Second, I have added a curve representation for the tone mapping functions, which should ease the tweaking of parameters. The curves are represented in perceptual encoding, to better visualise the effect in dark areas. Here is a screenshot showing the filmic new curve with default parameters:

Updated packages are available as usual from here.


Diagonal interpolation correction artifacts with AMaZE Demosaicing
(Carmelo Dr Raw) #84

Hi @Elle!

I will check, must be some bug…

You are perfectly right! However, while the solution it is easy to describe, it requires some refactoring of the WB UI code in order to implement it. I think I will postpone this until I will also implement some “spot WB over a user-selectable area”, which is something I have on my TODO list since long time and I now want to finally get done.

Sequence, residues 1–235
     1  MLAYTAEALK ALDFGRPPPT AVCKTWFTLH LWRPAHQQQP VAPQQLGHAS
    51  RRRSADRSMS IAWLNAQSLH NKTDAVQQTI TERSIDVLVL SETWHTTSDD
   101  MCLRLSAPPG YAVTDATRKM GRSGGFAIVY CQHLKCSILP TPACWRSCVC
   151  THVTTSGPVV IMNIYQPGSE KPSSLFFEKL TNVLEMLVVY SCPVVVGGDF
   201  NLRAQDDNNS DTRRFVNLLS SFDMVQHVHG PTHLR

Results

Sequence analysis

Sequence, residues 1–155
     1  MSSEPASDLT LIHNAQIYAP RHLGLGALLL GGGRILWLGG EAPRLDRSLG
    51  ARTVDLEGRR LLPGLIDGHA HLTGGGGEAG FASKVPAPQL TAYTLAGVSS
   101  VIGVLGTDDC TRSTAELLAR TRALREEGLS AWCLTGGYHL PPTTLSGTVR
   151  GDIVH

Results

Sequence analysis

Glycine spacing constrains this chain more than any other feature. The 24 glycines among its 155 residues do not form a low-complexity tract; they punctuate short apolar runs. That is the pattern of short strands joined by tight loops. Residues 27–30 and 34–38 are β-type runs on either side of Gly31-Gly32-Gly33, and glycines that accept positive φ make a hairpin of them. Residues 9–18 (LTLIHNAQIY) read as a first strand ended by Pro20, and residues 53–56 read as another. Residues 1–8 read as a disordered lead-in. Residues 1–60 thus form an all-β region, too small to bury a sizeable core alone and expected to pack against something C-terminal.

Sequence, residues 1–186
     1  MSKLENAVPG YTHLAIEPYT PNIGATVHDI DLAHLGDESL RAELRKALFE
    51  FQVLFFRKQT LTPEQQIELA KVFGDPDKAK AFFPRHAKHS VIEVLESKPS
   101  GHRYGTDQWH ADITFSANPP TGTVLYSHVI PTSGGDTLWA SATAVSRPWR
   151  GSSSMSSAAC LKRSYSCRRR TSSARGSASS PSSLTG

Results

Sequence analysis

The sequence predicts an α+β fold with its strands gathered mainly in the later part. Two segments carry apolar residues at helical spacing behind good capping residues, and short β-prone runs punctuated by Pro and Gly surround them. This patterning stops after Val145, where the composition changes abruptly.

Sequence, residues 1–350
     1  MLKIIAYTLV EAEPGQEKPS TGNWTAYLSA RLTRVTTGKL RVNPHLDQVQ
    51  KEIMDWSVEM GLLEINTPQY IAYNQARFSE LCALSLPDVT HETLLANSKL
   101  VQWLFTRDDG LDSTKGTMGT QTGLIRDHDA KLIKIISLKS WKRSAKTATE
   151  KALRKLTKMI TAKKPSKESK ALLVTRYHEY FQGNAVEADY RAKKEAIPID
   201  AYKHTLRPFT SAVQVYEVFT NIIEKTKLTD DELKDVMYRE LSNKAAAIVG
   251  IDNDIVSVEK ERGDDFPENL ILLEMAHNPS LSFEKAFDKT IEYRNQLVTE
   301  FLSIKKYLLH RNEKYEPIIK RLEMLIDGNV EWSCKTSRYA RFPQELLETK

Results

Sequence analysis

Are you talking about the boxes in this screenshot?
12
Just to be sure that I’ll modify the good ones…

Right-clicking on the layer and saving is the correct procedure. The preset can be saved in any folder of your choice, but nedds to have a .pfp extension. I should modify the code such that the extension is automatically added if missing… please ping me on this github issue in case you have no news during the next couple of weeks…


#85

Was asking because I haven’t been seeing those lines. If you could provide an image of what that looks like, that would be great.

@Carmelo_DrRaw Thanks for the implementation of RCD and giving attention to WB. About clipping, I didn’t understand the relationship between the reconstruction mode and the negative and overflow clipping back when you briefly explained it to me in the other thread. Could you explain it to me again but in the context of the new changes? Thanks.


(Carmelo Dr Raw) #86

Let’s suppose we are processing aRAW image with daylight WB multipliers, which can be typically of this order of magnitude:

WB_R = 2.0